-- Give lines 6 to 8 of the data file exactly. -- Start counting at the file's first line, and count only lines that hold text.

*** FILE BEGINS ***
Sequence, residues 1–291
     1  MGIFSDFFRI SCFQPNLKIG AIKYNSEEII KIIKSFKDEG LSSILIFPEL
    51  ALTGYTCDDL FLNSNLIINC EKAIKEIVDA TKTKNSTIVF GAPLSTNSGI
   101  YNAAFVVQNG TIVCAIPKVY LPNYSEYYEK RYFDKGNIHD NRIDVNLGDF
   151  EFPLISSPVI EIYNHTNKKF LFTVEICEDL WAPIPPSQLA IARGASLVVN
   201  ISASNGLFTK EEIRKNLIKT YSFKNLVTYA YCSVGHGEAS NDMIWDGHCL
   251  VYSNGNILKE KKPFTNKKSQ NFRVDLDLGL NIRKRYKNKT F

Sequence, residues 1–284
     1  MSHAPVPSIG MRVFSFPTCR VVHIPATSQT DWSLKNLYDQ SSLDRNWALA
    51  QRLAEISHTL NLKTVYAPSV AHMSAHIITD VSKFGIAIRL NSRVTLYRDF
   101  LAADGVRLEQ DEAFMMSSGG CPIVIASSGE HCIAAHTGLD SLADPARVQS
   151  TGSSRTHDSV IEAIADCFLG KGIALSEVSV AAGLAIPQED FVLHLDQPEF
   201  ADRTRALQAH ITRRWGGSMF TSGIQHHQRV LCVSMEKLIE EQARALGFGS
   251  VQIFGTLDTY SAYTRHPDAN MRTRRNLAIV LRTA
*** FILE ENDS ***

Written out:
   201  ISASNGLFTK EEIRKNLIKT YSFKNLVTYA YCSVGHGEAS NDMIWDGHCL
   251  VYSNGNILKE KKPFTNKKSQ NFRVDLDLGL NIRKRYKNKT F

Sequence, residues 1–284